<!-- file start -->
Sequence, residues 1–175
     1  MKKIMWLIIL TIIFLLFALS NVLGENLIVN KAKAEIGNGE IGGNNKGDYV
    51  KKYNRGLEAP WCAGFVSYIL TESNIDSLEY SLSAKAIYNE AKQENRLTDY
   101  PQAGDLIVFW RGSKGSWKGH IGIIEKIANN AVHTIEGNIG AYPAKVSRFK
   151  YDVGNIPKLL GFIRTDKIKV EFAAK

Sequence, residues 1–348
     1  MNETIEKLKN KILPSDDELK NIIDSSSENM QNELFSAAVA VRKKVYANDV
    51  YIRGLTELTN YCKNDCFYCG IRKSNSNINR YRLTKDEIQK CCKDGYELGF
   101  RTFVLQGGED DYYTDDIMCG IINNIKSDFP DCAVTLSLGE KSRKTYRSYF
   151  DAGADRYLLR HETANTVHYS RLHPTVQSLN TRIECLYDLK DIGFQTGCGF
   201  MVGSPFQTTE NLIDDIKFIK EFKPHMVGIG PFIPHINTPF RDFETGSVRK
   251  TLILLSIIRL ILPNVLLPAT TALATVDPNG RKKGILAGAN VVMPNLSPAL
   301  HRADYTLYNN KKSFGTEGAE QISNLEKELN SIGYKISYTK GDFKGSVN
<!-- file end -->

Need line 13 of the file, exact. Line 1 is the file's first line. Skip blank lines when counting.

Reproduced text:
   301  HRADYTLYNN KKSFGTEGAE QISNLEKELN SIGYKISYTK GDFKGSVN